Israel says it, U.S. launched missile test in Mediterranean
MOSCOW -- Israel said it carried out a joint missile test with the U.S. over the Mediterranean Sea that was detected Tuesday morning by a Russian radar system.
Earlier in the day, Russia announced the detection of two “ballistic” objects over the Mediterranean, state-run media outlets RIA-Novosti and ITAR-TASS reported.
The two launches were picked up at 10:16 a.m. Moscow time, Defense Minister Sergei Shoigu reportedly informed President Vladimir Putin.
The news initially raised concerns of a possible missile strike against Syria -- the U.S. is weighing an attack on the country in the wake of an alleged chemical weapons attack by the Syrian government -- but the Russian Embassy in Damascus reported no sign of any explosions or damage from missiles, RIA-Novosti reported.
About two hours after Russia announced the detection of objects over the Mediterranean, Israel’s Defense Ministry said the detected launches were made by Israel jointly with the United States to test an Israeli anti-missile system.
“The said launches were the testing of target missile Yakor [Anchor] which is used to test anti-missile defense systems,” an Israel defense spokesman told RIS-Novosti.
Igor Korotchenko, a Russian defense analyst and editor-in-chief of the National Defense journal called the tests “totally irresponsible” at what is a critical time in the volatile region.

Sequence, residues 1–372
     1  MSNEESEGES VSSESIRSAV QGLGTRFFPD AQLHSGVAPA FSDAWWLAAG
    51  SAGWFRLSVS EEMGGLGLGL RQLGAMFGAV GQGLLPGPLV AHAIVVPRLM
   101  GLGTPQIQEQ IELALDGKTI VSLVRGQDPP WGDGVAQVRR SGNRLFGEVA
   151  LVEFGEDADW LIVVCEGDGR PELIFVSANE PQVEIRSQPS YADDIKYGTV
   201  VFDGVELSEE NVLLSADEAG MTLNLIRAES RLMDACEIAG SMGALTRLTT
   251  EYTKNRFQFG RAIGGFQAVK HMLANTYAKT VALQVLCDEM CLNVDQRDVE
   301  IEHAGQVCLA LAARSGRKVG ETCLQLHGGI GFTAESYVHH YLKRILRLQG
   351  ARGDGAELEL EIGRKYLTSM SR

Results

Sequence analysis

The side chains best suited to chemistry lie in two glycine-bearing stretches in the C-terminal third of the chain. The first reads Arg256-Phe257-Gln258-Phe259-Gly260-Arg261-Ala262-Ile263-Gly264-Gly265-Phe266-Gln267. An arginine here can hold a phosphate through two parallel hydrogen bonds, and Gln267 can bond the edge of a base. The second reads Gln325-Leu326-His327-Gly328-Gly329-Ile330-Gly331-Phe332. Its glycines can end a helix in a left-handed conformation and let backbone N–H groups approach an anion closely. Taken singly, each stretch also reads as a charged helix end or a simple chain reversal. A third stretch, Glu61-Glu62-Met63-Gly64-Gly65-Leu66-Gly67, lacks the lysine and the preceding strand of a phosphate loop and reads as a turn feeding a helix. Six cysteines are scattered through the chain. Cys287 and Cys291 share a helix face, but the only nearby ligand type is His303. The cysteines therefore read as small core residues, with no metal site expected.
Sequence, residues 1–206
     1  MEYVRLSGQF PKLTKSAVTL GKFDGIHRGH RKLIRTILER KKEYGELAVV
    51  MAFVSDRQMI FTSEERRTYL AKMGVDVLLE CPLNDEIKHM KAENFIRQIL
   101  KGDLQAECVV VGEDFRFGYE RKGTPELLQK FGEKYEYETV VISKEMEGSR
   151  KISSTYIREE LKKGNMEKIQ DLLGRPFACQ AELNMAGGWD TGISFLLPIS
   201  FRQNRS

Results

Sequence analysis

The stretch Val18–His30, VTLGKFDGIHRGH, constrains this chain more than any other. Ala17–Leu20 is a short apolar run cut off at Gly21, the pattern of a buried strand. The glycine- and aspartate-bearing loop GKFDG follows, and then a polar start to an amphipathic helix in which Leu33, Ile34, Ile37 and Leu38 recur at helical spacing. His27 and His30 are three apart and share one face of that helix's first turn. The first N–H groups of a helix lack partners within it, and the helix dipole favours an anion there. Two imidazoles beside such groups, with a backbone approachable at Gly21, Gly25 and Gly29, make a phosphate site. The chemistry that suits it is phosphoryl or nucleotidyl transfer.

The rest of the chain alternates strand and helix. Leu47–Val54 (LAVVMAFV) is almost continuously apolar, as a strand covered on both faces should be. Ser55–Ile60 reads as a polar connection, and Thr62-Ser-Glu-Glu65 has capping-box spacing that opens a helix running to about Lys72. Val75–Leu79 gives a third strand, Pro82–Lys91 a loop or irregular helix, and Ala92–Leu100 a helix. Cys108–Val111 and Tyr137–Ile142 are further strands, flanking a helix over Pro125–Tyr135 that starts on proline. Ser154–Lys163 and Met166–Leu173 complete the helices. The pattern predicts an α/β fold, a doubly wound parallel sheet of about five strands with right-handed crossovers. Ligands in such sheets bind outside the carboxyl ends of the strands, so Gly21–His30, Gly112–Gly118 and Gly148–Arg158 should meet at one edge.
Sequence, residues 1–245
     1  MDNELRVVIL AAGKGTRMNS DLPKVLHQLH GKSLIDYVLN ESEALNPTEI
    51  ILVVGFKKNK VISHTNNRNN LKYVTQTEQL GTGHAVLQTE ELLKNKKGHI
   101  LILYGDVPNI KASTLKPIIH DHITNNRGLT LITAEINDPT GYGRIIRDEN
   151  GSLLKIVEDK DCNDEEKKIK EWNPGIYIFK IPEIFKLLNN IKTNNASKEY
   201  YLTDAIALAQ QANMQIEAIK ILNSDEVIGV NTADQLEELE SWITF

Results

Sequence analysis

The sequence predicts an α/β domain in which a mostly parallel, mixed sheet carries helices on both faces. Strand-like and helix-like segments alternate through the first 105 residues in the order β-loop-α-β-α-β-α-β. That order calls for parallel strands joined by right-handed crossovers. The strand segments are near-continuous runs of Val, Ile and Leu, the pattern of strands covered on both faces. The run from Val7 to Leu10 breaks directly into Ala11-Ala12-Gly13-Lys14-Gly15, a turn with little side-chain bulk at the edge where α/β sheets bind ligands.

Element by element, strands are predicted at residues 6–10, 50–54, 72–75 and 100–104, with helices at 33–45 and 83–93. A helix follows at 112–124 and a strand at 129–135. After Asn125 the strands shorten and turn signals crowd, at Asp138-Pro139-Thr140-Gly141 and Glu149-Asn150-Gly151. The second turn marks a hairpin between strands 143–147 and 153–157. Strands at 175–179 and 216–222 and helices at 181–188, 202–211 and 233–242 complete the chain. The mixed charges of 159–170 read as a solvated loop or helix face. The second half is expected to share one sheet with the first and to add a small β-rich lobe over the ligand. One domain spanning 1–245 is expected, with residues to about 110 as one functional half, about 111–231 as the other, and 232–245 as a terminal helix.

“Israel and the United States should have thought better of the grave risks of such tests at this critical time in this region before launching those missiles,” Korotchenko said in an interview with The Times. “The Russian early warning radar system proved its efficiency full well and Russia could have put its nuclear forces on higher alert.
“If Israel chose to act so totally irresponsibly, the United States should have at least used the hotline between Washington and the Kremlin to warn Moscow of such tests despite the current coldness in the relations between the two countries,” Korotchenko added. “It is not clear whether the Kremlin was informed in advance.”
Must-read stories from the L.A. Times
Get all the day's most vital news with our Today's Headlines newsletter, sent every weekday morning.
You may occasionally receive promotional content from the Los Angeles Times.